A Switch From the Norm - A New Malware Infection Chain
May 3, 2022
- malware analysis
- phishing campaign
May 3, 2022
Let’s have a look at a common infection vector that persists through the use of excel based macros.
Here we see an excel sheet downloaded from an email. Upon opening the excel sheet, a user gets asked to enable macros if the macros were disabled by default. If macros were not disabled, the macros would automatically run, executing their malicious code. The next step involves the malicious code executing a trusted program such as PowerShell, which will download more dangerous malware from the internet.
What is important here is that if macros are not automatically disabled, this process will happen the moment the document opens. With Microsoft disabling macros by default, it now leads malware authors to utilize a different infection chain.
On April 11, 2022, the Qbot botnet was reported to have transitioned to sending phishing emails attached with password-protected ZIP (PPZ) archives that contained MSI Windows Installer Packages. Researchers believe this is a direct reaction to Windows disabling Excel 4.0 macros by default. This different method of infection vector presents new problems for security vendors and companies in relation to the enforced email policy.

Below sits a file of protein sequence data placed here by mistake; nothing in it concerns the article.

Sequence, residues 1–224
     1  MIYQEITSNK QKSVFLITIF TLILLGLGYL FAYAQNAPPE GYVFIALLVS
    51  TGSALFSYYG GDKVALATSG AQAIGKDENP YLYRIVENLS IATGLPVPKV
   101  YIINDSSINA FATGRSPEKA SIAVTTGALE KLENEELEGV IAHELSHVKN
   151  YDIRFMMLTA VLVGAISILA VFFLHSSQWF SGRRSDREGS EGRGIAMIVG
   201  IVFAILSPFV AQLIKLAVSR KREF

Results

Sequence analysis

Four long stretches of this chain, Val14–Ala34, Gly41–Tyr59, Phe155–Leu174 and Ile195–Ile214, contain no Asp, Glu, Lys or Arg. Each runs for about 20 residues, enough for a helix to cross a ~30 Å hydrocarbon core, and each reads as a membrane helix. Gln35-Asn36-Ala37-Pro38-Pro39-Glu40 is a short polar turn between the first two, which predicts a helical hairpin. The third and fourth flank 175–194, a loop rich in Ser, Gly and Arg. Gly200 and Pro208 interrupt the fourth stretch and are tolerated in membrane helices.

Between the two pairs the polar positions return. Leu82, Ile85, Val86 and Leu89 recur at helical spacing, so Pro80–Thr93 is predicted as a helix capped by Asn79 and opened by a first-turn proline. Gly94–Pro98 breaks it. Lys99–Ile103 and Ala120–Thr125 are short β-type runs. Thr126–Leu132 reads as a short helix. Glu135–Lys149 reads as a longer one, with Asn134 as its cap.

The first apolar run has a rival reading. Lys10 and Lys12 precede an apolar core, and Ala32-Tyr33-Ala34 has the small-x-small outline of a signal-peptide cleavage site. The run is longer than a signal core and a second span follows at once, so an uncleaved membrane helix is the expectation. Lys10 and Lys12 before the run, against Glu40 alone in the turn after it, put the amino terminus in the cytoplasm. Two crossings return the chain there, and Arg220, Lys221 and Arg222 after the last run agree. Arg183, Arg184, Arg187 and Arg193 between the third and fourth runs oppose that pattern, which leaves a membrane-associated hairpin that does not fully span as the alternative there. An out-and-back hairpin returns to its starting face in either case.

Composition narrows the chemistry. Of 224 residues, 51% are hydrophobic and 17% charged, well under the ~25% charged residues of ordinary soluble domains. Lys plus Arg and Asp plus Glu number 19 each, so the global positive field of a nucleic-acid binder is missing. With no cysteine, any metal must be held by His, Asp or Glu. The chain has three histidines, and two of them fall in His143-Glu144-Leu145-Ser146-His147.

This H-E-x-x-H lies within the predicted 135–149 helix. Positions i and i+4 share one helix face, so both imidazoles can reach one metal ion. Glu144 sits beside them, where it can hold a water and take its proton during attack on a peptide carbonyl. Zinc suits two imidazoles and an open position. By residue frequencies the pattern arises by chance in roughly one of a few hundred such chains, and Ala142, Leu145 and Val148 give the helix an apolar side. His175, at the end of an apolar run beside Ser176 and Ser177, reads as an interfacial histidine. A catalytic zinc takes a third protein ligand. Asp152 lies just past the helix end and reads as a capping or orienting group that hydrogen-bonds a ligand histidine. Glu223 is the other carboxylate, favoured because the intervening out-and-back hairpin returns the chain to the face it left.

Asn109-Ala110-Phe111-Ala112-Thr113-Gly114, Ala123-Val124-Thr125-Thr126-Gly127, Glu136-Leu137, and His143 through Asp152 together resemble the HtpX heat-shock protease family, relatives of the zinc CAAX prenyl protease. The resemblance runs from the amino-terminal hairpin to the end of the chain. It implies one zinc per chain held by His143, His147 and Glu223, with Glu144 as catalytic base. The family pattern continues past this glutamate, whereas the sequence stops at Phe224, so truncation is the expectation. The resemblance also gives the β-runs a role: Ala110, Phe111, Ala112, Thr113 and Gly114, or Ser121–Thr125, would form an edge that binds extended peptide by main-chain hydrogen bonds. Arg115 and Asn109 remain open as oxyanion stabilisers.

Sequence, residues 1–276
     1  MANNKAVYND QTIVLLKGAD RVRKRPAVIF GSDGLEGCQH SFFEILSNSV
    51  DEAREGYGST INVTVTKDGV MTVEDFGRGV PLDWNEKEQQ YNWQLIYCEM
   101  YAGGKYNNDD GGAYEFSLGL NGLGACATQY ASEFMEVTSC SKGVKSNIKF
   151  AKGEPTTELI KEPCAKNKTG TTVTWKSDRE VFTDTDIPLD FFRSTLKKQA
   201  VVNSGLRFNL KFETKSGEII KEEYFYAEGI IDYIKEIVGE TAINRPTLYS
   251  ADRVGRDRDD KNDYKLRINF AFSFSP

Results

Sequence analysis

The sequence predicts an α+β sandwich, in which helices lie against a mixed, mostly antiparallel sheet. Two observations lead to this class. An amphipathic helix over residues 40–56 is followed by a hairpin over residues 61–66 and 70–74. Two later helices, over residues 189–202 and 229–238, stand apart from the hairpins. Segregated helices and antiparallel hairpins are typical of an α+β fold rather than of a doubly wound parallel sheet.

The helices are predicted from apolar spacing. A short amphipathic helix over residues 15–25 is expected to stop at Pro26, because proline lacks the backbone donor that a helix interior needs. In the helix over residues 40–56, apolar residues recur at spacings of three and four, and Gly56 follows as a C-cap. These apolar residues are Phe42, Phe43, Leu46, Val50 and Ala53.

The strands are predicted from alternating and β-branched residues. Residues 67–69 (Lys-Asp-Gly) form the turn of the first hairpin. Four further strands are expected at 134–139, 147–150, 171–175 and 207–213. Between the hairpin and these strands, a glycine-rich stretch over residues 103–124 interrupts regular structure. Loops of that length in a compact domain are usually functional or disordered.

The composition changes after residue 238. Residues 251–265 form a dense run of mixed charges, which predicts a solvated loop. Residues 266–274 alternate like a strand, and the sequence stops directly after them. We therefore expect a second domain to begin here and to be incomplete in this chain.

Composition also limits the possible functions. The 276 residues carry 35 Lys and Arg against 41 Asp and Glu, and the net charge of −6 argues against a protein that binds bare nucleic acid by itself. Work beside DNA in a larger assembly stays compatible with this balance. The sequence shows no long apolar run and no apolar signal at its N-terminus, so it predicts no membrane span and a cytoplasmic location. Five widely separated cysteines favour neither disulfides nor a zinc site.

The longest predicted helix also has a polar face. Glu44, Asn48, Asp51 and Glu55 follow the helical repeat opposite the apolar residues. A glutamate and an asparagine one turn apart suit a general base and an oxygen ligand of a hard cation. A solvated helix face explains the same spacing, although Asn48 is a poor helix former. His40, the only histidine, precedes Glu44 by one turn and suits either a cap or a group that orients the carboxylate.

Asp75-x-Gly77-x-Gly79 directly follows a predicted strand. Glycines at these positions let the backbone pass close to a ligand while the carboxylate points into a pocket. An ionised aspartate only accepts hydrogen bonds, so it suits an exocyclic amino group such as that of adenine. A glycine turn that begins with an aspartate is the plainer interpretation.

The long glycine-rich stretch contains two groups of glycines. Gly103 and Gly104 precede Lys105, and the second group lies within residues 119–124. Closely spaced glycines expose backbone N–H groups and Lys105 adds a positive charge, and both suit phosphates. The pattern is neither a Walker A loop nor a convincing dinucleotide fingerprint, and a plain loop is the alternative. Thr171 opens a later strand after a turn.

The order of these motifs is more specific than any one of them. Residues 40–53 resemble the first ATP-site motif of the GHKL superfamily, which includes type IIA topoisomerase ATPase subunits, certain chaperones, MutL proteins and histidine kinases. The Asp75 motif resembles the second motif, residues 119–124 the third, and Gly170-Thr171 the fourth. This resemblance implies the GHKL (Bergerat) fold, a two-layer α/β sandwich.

PPZ files are encrypted, making it so that antiviruses cannot scan what is within them. If a password-protected zip file is sent over an email, simple signature scans would be ineffective in stopping these attacks. Therefore, a method to prevent this infection vector would be to block password-protected zip archives.
While blocking PPZ files is effective in stopping this infection vector, this can lead to many false positives. PPZ files are frequently used for a company to transmit sensitive and confidential information over an internal network and would not make sense for larger organizations that use this policy.
When making a policy, it is essential to tailor it to the client. Therefore, we ask clients to implement policies that allow their documents to be scanned after being downloaded onto their workstation. If left unmanaged, this can lead to hazardous computer infections. These documents should be run in a controlled and sandboxed environment before being allowed to run on the current system.
If this cannot be allowed, another method is the usage of digital certificates to encrypt and verify the sender of the document. This approach will remove the need for a password-protected document and determine who sent the document and if that source can be trusted.
More info is still needed to know if other malware botnets will follow this trend. The use of PPZ files containing MSI executables is still new. Researchers and defenders should be made aware of the change in tactics in the coming months and change their policy accordingly to tailor their clients' needs.